Casting Out Fear

Nestled on my favorite side of the couch with a well-worn quilt on a quiet Saturday, I make quick work of the book on my lap. I haven’t read A Wrinkle in Time since childhood, and the plot has grown dim over the years, yet I still vividly remember my fascination with the story. I don’t…

Read More

When I Can’t Feel Christmas

“Above all, trust in the slow work of God.” — Pierre Teilhard de Chardin 5:34 p.m. on Black Friday and everything was right on schedule. The tree was set up, lights lit, and boxes of ornaments ready for unpacking. Jim Carrey’s How the Grinch Stole Christmas played in the background, as was tradition, and Mom had just slid the…

Read More

Craving Confidence: How Lonely It Sometimes Feels to be Certain

A little over a month ago, at a modest cabin near a gurgling creek, I spent a weekend with a mishmash of friends. It’s the second year we’ve gathered in this humble wonderland where we cook and play games, talk late around the fire, and make ourselves tired on sunshine and laughter.

Read More

If Life Was a Food Fight

My critical eye takes in my form in the long oak-framed mirror as I tuck the billowy white top into my jeans. On principle, I don’t wear white. “White” is my lunch, make-up, and pit stains on display for the world to see. It’s impracticality, stamped with an expiration date.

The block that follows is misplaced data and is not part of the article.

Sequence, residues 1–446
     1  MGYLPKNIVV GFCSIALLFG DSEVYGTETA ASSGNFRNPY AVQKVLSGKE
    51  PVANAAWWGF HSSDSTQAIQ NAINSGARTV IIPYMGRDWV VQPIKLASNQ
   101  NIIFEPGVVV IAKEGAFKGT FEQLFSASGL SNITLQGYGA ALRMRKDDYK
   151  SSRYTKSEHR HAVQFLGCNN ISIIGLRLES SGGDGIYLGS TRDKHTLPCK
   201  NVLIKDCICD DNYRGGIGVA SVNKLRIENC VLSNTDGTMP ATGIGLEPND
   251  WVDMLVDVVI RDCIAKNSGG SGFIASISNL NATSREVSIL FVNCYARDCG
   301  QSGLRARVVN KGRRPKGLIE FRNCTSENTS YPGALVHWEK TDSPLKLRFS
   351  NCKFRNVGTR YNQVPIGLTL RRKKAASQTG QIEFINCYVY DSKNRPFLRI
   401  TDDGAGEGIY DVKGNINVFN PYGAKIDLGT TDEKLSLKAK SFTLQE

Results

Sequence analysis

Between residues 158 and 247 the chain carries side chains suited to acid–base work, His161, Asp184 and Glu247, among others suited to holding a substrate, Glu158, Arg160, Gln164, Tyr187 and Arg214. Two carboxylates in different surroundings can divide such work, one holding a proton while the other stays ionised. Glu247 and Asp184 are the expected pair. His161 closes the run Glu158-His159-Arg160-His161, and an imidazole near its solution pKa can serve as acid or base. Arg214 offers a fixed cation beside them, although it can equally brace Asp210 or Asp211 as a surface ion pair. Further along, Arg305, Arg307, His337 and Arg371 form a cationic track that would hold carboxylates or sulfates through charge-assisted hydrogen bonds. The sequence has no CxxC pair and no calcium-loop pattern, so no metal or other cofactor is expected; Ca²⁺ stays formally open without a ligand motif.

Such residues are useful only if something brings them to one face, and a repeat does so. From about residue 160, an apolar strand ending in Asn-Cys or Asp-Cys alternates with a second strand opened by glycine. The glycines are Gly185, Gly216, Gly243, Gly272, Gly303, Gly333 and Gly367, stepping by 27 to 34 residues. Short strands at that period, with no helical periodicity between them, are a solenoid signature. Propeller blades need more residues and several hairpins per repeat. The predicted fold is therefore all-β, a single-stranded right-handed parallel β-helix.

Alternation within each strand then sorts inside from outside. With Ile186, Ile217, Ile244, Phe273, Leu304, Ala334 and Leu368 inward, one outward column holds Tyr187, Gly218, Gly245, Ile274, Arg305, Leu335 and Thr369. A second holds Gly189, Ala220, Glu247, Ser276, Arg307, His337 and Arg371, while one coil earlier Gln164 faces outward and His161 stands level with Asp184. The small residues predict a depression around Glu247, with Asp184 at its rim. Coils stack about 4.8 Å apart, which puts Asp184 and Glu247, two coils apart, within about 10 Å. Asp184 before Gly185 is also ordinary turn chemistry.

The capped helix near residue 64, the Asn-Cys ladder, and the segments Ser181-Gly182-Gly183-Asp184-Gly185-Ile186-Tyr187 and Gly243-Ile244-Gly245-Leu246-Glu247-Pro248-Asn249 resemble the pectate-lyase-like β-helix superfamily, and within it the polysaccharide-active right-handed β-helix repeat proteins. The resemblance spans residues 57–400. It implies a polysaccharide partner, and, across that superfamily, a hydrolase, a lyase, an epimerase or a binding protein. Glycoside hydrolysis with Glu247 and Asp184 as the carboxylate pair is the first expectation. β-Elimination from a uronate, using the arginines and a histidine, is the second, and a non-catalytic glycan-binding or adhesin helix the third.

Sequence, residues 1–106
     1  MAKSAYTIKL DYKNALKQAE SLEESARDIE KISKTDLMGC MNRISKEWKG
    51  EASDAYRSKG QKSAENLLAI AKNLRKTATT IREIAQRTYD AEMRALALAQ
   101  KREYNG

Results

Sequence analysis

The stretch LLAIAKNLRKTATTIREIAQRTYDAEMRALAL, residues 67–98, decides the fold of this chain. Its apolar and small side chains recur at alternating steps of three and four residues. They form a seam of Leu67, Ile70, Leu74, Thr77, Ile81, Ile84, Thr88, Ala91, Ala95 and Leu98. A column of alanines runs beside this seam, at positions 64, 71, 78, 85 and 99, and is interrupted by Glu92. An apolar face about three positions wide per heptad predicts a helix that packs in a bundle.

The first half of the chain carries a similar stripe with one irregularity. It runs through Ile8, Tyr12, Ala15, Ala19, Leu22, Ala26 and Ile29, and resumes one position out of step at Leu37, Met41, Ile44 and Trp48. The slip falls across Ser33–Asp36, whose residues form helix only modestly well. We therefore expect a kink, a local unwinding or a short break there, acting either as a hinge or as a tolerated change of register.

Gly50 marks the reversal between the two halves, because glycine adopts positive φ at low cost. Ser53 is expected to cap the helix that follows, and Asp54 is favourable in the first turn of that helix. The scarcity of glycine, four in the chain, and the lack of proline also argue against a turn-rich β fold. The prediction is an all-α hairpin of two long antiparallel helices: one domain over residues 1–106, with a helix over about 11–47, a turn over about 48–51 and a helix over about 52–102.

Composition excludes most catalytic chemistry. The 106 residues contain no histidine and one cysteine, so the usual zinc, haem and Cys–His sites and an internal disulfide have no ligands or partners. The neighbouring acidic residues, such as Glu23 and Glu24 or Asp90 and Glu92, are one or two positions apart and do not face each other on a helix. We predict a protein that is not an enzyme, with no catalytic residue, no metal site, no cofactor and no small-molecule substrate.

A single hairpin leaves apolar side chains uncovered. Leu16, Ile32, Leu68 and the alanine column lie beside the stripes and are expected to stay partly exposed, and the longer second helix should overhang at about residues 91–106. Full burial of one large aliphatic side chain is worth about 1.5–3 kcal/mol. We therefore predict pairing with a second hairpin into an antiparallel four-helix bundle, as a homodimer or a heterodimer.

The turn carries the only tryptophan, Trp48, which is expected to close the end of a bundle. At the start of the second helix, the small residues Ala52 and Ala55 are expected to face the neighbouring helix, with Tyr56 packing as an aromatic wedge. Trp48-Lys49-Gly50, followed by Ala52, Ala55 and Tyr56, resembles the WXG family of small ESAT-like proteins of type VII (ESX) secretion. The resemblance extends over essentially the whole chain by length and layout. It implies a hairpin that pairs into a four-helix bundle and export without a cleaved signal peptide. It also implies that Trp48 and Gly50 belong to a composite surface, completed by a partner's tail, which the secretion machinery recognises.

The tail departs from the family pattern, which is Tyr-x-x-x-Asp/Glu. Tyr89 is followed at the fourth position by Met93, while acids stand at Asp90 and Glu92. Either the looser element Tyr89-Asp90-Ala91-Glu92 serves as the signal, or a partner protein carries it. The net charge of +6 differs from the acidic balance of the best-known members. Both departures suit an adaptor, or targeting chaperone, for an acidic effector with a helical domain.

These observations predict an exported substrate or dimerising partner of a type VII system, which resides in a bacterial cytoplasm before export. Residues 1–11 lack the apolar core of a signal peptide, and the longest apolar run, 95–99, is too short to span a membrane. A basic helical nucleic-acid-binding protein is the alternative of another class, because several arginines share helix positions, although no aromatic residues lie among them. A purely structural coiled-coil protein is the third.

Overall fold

Read More

Shattered Glass and Peonies

As I walk each afternoon, unplugged for just a moment from the news ticker and the marching, the masks and the hand sanitizer, I see the peonies spill over the edge of sidewalks in my neighborhood. I can’t help but stop to take them in: their smell and explosive petals. Peonies remind me that lovely…

Read More

The Quiet Hope of Quarantine

There’s something about the whole world choosing together to be alone. Like a kind of permission, or a moment of tag—“It” has finally caught up to you after you tried running so far and so long, and now, tired and exhausted, you have a chance to turn and accept what is, to become It, to…

Read More

How to Be Friends: A Semi-Successful Guidebook

She was radiant. Ruby red lipstick, a thin gold chain around her neck, and hair touched with the slightest curl—the kind that only come when you’ve stopped trying to fabricate them.

Read More

On the Yoga Mat.

Beads of sweat roll down my face, dripping into a pool beneath me. I hold my body aloft from my forearms, belly tight, feet flexed toward the back of the room, palms gripping my mat and upper arms starting to shake. “Now, raise your hips high in the air and begin to walk your feet…

Read More

Born of the desert

The desert has a distinct feel, one that makes each pore of your body gasp. I forget, as years pile up between visits, what this feeling is. It takes a couple of days to reacquaint myself with the arid mountains, weathered cacti, and unrelenting heat. But then, amidst misters and tank tops, I once again…

Read More

On the subject of love, legs, and femininity.

Hairy kneecaps. The first time my body became “my body”—a thing separate from me—was at 6thgrade lunch period when Valerie Warner informed me Pete Harris would never date me because I had hairy kneecaps. She’d asked him about me, and his answer, given in the presence of the other 7thgrade boys, had been, according to…

Read More